How Does Site Location Impact Patient Diversity in Clinical Trials?

Velocity recently asked some key employees to come together and discuss a wide array of issues impacting diversity, equity, and inclusion (DEI) in clinical trials. Velocity’s ongoing goals are to share best practices, identify and address shortcomings, and bring as many perspectives and viewpoints to the table as possible to advance clinical trial science and deliver vital new drugs and treatments to patients quicker. 

In this article, Velocity members of staff discuss the importance of site location and its impact on clinical trial diversity. 

In the classic Kevin Costner baseball film “Field of Dreams,” a skeptical character is urged to construct a playing field in a remote area of Iowa encouraged by the famous line, “if you build it, they will come.” 

In the world of clinical trials, one of the greatest challenges to promoting diversity is making research sites accessible to those living in more rural and isolated parts of the country. It’s an issue Velocity Clinical Research takes very seriously from the earliest stages of site location planning, says Brandi Lang, Chief Legal Officer for Velocity.  

Site selection is “an exceptionally important issue that takes an incredible amount of planning. We are always looking ahead so that we are ready to bring on sites that can provide us better access to diverse patient populations,” she said at a recent diversity panel featuring a wide swath of Velocity employees. 

The issue is personal for Lang. “It’s frankly one of the reasons why I came to work in clinical research,” she recalls. “I had a family member where we needed to seek an additional arrow in the quiver by which to seek advancement of treatment for a medical issue, and because of [their] rural location, there were hard questions and hard decisions that had to be made” because there wasn’t a clinical trial study site anywhere near where they lived.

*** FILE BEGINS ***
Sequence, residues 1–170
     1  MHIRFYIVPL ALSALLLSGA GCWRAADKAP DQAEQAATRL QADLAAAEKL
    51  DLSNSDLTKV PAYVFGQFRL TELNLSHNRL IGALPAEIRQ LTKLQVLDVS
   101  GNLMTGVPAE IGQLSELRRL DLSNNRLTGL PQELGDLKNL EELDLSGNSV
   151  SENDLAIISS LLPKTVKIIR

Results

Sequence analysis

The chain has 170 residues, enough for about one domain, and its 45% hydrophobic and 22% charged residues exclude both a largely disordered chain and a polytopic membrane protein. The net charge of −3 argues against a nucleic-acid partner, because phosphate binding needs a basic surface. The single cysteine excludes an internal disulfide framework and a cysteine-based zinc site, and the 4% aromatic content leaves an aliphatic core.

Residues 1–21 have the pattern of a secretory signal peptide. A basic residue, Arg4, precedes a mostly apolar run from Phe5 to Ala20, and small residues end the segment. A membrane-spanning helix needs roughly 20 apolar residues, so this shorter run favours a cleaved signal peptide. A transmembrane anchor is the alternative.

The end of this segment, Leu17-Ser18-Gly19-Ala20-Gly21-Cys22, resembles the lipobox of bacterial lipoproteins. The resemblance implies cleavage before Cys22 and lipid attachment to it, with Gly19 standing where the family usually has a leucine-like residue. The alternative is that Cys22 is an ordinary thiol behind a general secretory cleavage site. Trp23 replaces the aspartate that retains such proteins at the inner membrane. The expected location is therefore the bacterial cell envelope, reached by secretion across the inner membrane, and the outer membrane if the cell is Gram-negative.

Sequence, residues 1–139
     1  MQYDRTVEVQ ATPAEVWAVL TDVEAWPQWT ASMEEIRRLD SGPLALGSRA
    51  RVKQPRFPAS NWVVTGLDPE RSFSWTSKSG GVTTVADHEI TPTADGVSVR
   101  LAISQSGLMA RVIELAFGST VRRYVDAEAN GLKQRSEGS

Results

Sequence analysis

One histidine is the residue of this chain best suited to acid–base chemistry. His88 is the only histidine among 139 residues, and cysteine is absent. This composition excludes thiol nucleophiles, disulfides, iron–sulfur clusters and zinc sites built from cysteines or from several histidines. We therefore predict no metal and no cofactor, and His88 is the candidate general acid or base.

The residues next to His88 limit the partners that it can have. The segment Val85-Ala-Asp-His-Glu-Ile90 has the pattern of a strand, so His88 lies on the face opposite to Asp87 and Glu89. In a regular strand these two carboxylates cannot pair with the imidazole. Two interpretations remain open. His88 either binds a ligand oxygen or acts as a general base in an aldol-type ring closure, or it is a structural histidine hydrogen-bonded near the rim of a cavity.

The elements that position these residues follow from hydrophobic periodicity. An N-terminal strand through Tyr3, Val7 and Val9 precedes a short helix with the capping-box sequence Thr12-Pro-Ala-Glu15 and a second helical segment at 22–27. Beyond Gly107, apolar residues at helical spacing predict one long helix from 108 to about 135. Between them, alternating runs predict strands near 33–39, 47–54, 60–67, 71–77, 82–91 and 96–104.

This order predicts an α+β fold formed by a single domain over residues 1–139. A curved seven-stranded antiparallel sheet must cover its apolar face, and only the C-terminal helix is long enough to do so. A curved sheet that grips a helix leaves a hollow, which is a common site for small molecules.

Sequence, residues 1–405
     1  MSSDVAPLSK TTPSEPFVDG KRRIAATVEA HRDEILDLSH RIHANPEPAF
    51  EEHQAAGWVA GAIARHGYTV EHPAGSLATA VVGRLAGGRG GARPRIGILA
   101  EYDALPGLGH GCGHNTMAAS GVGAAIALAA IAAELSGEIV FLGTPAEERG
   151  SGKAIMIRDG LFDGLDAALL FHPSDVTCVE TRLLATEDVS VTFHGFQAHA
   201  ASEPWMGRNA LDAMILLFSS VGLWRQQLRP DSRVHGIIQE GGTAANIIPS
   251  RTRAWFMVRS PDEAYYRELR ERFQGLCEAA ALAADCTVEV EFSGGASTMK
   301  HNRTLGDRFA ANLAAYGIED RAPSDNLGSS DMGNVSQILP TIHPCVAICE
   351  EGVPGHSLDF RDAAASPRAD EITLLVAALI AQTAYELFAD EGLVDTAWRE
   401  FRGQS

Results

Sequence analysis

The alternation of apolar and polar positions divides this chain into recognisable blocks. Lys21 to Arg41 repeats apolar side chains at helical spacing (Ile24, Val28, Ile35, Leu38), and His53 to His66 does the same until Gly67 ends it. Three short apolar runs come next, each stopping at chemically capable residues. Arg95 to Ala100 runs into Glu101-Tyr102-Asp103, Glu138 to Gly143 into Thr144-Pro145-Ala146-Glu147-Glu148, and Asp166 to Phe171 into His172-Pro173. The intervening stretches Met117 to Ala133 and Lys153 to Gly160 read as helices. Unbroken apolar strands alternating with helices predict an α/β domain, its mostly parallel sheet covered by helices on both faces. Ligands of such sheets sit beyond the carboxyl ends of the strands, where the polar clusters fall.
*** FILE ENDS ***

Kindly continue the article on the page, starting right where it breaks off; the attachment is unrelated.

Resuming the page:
Patients should not have to face those kinds of decisions, Lang believes. It’s a matter of building sites in different regions to improve access for all, she says. “If we are making them choose between leaving their home where they have existing support systems and choosing to participate in an urban center, we’re going to cut off that that ability to participate for so many participants.” 

At its core, Velocity’s strategy is to put sites in locations to best advance diversity in clinical trials. “It’s important that we’re seeking to afford rural access and not just [urban] access to clinical trial participation.” she said. 

The urban/rural divide 

The urban/rural divide is evident in America’s politics and other areas. When it comes to clinical trials, it’s an issue with deep roots, Lang notes. “Historically, we’ve seen quite a bit of clinical research placed in urban centers in academic areas with significant health system access for clinical trial participation.” 

Failing to address the issue weakens clinical trial diversity and research science. “If we’re focusing only in urban areas, we’re also not benefiting patients who could provide meaningful data and information which can better hone the development of these vaccines and drugs and therapeutics,” Lang said. 

“Velocity is everyday seeking to narrow those gaps and afford greater access by bringing a greater diversity to trials and a greater diversity in therapeutic areas across communities in varying sizes across the US and across Europe,” she said.  

When there isn’t travel infrastructure, build it

And while geography is a vital issue, “there are other details and sensitivities to be aware of when working to expand trial reach,” Lang said. For example, many potential trial patients don’t own a car. Without access to practical public transportation, they are far less likely to participate in a trial, Lang said. 

“Velocity has been working across the country at ensuring that our site locations are geographically accessible and that we’re on public bus routes,” she said. 

But what do you do if there’s not an existing bus site? You get one built, Lang said. “I remember I spent countless hours working with one city and near one of our northern site locations to get a bus stop on the corner where our site was located.” 

And don’t forget a covered awning at the bus site, she added. “If they’re going to have to wait for a couple minutes as that bus is arriving, [we want] them to be undercover,” Lang said.  

It’s about philosophy, backed with the scale and the means to see it through, Lang said. “We are able to spread out those larger pools of resources to advance objectives more quickly and more demonstrably, which advances clinical trial patient diversity in meaningful and impactful ways,” she said. 

Quality. Continuity. Velocity.